What if your candidate is 6 months pregnant?

What if your candidate is 6 months pregnant?

What if your candidate is 6 months pregnant?

The appointment of a female CEO to the embattled Yahoo was enough to cause a stir. Just like in Canada, only a small percentage of listed companies globally have a female leader in the top job. Add to the mix the news that 37-year old Marissa Mayer was six months pregnant when she got the top job, and it was nothing short of an all-in media frenzy.

The whirlwind of commentary which followed the announcement was in itself evidence that employment and pregnancy is a red-hot issue. For one management expert, it’s a situation which needs to be assessed on a case-by-case basis, but ultimately employers cannot discriminate against someone who is pregnant. “Obviously Yahoo realised the situation they were in, and thought ‘well, the costs and benefits of [this hire] are likely to outweigh the negatives’, and they’ve made that decision that in the long-term it’s going to be better for them to have that key person,” Associate Professor Peter Holland from Monash University told HRM.

According to Holland, in making a hiring decision about a pregnant candidate, the principle question is the same as it would be for anyone else. It’s about taking on someone who has the right skills and experience. “[A candidate] might be asking for 20 weeks off in two months’ time, but you may have them for five, six or even 10 years – and if you think they’re the right person for your company, are you looking at the short-term implications rather than the long-term return?” Holland said.

It seems the danger of discrimination lies in the slippery slope of making judgment calls and arbitrarily deciding on a candidate’s availability. For example, a candidate may be observed having a cigarette outside before their interview and this may lead to assumptions about health, propensity to take sick leave, and taking extra breaks.

According to a 2012 factsheet compiled by the Australian Human Rights Commission regarding sex discrimination, the Sex Discrimination Act makes it against the law to treat candidates unfairly because of a person’s sex, marital status, family responsibilities, because they are pregnant or might become pregnant, or because they are breastfeeding. All stages of employment are protected, including recruitment, staff selection, workplace terms and conditions and dismissal.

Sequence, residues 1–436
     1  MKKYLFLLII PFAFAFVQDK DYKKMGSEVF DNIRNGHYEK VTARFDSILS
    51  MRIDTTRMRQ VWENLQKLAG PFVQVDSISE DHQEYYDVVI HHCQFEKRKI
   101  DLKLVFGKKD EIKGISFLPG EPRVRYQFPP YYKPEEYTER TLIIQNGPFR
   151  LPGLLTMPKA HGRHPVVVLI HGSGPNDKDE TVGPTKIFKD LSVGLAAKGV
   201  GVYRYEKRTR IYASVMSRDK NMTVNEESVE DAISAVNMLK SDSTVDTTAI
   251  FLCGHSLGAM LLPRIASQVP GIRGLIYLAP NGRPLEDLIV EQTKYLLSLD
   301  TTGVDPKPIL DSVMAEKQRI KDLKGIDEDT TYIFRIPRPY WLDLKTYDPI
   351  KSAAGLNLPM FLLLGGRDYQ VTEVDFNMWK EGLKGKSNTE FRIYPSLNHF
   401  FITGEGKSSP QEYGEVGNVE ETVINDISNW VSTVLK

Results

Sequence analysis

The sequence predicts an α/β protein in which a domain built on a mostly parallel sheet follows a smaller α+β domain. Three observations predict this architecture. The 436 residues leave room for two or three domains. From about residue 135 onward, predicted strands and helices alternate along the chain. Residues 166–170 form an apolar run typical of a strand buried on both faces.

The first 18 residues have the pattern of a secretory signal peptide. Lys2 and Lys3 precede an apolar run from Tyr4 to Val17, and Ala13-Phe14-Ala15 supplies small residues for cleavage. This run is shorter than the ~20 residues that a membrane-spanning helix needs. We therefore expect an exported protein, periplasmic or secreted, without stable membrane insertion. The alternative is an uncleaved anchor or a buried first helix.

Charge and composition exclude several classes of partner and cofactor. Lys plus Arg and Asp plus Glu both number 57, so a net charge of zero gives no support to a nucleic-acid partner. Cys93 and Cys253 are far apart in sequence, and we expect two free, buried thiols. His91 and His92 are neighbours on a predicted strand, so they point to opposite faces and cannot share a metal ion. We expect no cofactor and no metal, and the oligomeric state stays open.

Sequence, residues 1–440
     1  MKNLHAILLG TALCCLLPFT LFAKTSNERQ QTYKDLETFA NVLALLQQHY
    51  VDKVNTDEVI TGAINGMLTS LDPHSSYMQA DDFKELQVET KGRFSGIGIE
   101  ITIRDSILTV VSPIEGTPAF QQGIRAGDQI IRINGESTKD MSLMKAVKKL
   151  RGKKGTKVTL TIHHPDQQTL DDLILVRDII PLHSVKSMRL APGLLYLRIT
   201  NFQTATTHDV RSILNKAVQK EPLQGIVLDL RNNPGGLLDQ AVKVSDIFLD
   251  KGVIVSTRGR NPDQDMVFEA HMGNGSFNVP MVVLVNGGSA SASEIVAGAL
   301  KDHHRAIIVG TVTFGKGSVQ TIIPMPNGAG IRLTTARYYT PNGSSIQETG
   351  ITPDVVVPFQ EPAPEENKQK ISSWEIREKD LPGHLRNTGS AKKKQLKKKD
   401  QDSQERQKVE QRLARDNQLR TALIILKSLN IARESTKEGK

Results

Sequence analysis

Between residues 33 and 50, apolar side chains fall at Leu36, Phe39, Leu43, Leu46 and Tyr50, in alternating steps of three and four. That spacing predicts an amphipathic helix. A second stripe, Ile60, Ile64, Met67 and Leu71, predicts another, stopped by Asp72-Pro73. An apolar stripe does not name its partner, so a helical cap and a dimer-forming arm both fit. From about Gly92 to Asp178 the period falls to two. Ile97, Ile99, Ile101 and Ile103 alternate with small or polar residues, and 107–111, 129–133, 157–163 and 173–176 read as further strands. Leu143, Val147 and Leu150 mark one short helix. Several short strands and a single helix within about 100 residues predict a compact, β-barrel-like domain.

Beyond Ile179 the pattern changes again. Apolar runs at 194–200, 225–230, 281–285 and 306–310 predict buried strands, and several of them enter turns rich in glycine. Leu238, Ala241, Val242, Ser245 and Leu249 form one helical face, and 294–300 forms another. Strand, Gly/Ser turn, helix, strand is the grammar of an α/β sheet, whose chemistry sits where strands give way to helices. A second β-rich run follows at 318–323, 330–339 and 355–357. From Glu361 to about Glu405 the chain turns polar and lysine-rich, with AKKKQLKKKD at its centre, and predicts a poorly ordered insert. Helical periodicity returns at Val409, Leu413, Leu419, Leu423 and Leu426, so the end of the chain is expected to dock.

Some tips for avoiding pregnancy discrimination in recruitment:

  • Identify the essential requirements of the job and ask all applicants about their capacity to fulfil these. Consider whether any reasonable workplace adjustments can be made so an applicant can meet the requirements.
  • Ask applicants about their skills and abilities. Avoid assumptions about what pregnant women can and cannot do, or their ongoing commitment to the job.
  • Do not ask an applicant questions about pregnancy unless there is a clear non-discriminatory reason to do so.
  • Select the person best suited to the job.
  • When in doubt, seek legal advice.
  • Jay Fuller 2013-01-31 11:43:02 AM
    This issue is not about gender discrimination (pregnancy) but the fact that most employers would not choose to hire someone in a full-time, permanent role knowing full well that in a few months that individual will likely take a year off and the employers hands are tied in replacing that individual because their job is legally protected. The employer is forced to hire a temporary replacement and invest all the time and money in training twice for the same position within the same year.
    Post a reply
  • Logic Rules 2013-01-31 11:51:42 AM
    She was hired as a CEO for petes sake! I somehow don't think she will be taking the year off!!
    Post a reply
  • W Ettinger 2013-01-31 1:03:11 PM
    Actually it is a gender discrimination issue because of thinking like Jay Fuller just described. Did you know that (at least in Canada) men are now entitled to parental leave, as well as people considering adoption as a family option, and not just the pregnant mother? Do you ask all men if they are planning on having children anytime soon and taking advantage of the parental leave provisions available to them? Perhaps you should not hire anyone within child bearing years (meaning any man over the age of puberty is out indefintitely)to make sure that they won't take any parental leave. Only women over the age of 45 who can prove that they've gone through menopause? Come on people, 21st century thinking would be a good start to figuring out how to balance work and family responsibilities at all levels of the organization!
    Post a reply